Bill Pritchett was educated at Sydney Church of England Grammar (Shore) and Sydney University. He was active in the extracurricular life of the university, including a period as editor of Honi Soit. His activities are chronicled in Donald Horne's memoir of his university days. Although at times at cross-purposes at the university, Pritchett and Horne were to become life-long friends.
After service in the army during World War II, Pritchett was chosen in 1945 in the third group of diplomatic cadets under the scheme established during the tenure of H.V. Evatt as Minister for External Affairs - one of a group of nine men and one woman. (The sole woman was Coral Bell, who soon left the foreign service for academia and became an internationally recognised authority on international relations and strategic matters.) After the diplomatic cadet course - then of two years to compensate for the disruption of university life during the war - Pritchett entered the Department of External Affairs in 1947.
During his diplomatic career, Pritchett had a habit of being in the right place at the right time: at a time critical in the history of the country when he was posted, and which offered opportunities for creative diplomacy. The first such occasion was in Indonesia - his first overseas post - in the late 1940s during that country's revolutionary struggle for independence from the Netherlands. In the political vacuum that followed the surrender of Japan, Indonesian leaders under Sukarno had asserted their independence and resorted to military action to prevent the Dutch from reimposing their authority over the archipelago.
Pritchett had been appointed to the small Australian team on the United Nations Commission for Indonesia. That body and its predecessor, the Good Offices Committee, with Australian representation initially led by Justice Richard Kirby and later by diplomat Tom Critchley, were established to help resolve the Dutch-Indonesian dispute. Pritchett was heavily engaged in the work of UNCI, at times heading the small Australian team for extended periods when the leader was isolated in Yogyakarta - heady stuff for a young diplomat on his first post.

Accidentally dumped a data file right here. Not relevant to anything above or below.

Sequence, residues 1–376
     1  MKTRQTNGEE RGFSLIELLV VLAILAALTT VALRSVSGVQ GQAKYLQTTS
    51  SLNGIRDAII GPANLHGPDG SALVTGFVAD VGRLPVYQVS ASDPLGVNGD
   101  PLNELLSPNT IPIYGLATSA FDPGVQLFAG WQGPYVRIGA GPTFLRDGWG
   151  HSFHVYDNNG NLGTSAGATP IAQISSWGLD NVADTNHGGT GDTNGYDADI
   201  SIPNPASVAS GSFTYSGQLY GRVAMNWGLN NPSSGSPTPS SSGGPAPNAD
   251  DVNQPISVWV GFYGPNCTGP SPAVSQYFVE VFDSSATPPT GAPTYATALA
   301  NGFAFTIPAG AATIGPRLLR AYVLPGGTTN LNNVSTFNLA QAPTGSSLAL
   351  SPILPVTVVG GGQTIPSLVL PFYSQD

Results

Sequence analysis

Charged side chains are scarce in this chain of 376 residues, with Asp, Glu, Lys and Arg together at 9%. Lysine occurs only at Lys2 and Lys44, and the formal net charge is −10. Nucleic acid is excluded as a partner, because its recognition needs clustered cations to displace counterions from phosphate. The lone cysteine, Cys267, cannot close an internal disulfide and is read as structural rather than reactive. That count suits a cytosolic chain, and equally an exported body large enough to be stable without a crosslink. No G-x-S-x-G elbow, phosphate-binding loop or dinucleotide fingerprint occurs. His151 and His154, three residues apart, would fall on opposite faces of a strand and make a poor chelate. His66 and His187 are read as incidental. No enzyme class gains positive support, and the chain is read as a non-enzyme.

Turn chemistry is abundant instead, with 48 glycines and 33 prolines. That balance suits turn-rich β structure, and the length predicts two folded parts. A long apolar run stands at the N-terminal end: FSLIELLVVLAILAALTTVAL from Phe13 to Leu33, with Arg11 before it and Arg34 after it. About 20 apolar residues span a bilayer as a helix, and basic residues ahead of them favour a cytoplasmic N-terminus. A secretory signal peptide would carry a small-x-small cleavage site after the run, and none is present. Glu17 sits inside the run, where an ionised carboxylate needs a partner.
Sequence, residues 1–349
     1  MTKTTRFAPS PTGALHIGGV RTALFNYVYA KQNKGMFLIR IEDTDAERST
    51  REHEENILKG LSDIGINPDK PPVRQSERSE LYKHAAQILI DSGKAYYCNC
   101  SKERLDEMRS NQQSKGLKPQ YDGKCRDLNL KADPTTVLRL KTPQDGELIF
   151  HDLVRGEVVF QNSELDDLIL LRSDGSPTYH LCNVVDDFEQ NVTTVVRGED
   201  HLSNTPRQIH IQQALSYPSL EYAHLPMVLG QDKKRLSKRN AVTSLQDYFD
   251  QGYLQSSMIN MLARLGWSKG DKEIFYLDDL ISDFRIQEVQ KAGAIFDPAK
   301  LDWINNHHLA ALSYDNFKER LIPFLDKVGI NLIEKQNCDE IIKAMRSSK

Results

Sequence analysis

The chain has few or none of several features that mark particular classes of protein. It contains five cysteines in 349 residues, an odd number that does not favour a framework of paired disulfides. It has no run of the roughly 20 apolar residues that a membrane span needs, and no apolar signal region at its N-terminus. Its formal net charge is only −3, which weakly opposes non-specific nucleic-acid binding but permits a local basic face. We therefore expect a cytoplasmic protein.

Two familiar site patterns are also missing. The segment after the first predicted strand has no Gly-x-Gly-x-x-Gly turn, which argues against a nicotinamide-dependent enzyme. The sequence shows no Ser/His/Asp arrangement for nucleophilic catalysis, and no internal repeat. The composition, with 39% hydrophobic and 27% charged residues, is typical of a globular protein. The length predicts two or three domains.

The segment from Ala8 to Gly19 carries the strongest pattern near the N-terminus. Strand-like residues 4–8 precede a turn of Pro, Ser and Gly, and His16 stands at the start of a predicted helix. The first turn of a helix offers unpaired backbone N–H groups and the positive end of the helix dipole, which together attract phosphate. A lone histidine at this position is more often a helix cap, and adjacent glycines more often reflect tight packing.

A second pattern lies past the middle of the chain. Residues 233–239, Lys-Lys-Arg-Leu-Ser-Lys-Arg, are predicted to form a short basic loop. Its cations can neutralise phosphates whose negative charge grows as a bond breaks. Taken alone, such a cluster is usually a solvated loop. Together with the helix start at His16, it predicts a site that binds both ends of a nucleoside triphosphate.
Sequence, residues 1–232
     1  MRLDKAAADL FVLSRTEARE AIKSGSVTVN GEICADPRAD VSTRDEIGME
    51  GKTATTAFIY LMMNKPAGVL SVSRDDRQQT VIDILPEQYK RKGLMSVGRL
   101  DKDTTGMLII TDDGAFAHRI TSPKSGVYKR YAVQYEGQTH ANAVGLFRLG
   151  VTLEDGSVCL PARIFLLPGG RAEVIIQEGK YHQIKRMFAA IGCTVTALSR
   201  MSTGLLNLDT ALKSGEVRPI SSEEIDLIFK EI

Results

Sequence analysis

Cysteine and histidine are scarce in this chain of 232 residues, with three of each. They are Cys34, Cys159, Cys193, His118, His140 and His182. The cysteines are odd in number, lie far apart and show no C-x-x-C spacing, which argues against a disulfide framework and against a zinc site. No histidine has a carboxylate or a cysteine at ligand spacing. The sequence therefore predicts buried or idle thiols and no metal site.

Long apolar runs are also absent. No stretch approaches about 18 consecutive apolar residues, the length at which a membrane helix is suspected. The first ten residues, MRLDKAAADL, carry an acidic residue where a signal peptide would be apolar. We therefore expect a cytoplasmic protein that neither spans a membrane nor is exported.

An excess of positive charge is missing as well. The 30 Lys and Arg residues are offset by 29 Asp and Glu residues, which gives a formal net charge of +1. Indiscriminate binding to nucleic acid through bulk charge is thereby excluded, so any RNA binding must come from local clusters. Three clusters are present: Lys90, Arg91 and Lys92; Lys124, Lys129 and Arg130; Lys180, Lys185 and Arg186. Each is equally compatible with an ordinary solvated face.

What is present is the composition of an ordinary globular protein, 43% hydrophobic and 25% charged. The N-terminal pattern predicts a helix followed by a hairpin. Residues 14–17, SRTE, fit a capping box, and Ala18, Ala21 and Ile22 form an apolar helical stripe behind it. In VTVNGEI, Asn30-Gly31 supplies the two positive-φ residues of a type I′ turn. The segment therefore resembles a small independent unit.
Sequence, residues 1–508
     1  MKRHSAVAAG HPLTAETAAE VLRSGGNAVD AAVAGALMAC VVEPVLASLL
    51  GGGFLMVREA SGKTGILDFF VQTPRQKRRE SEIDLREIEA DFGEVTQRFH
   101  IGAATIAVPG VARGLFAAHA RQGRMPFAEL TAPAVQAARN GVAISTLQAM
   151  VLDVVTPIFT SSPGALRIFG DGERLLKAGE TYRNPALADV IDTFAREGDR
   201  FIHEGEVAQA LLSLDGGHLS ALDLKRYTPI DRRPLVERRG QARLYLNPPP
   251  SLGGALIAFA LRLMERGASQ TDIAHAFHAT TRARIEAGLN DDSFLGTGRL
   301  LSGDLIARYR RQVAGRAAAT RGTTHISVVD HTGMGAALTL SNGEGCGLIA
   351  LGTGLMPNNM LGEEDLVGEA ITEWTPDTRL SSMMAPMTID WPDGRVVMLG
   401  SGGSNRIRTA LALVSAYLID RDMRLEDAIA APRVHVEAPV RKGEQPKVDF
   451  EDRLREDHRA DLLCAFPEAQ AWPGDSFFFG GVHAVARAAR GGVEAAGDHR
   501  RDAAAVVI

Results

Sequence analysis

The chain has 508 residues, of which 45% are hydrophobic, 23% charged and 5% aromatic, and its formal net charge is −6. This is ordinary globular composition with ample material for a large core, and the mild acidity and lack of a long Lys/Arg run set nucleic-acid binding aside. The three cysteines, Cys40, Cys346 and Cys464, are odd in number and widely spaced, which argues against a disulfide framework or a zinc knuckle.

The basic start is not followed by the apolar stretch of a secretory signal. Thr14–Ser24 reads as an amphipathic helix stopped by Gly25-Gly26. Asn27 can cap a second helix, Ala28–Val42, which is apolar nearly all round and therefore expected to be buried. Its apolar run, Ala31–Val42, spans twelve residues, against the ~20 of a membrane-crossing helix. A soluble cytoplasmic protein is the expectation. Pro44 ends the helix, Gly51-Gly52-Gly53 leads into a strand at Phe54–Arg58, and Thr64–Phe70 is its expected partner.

During his time in Indonesia, Pritchett met and was to marry Elvira (De) Voorstad, to be his partner for more than half a century.
The importance of Australia's role in UNCI may be illustrated by an exchange I had with Mohammad Roem, the leader of the Indonesian delegation to the Round Table Conference in 1949, which was to lead to Dutch recognition of Indonesian independence. I was stationed in the Hague at the time and had the job of meeting Roem on his arrival in the Netherlands. Roem's first question to me was: ''Where is Mr Critchley? He is our adviser.'' (Critchley was then on his way to Holland.)
Over a decade later, the goodwill created by Australian support for Indonesia in its struggle for independence was to stand us in good stead during the first of the crises that have periodically bedevilled our relationship with Indonesia. Sukarno's ''Crush Malaysia'' campaign, or ''Confrontation'', which included the use of military force, was designed to prevent the creation of a Malaysian Federation based on Malaya and Singapore. Despite Australia's support for Britain in its resistance to Indonesian military activity, our relationship with Indonesia, though battered, survived this challenging test. This was due in large part to the residual goodwill deriving from our earlier support for Indonesian independence - from groundwork laid by people like Pritchett; it was also coupled with some astute Australian diplomacy (described by diplomat and later historian Garry Woodard as ''best diplomatic practice''); and it reflected Indonesian acknowledgement that, as a member of the region, Australia was entitled to a viewpoint on the region's future - a right denied to the retreating colonial power Britain, whose Chancery and property in Jakarta were the object of ruinous government-inspired attacks.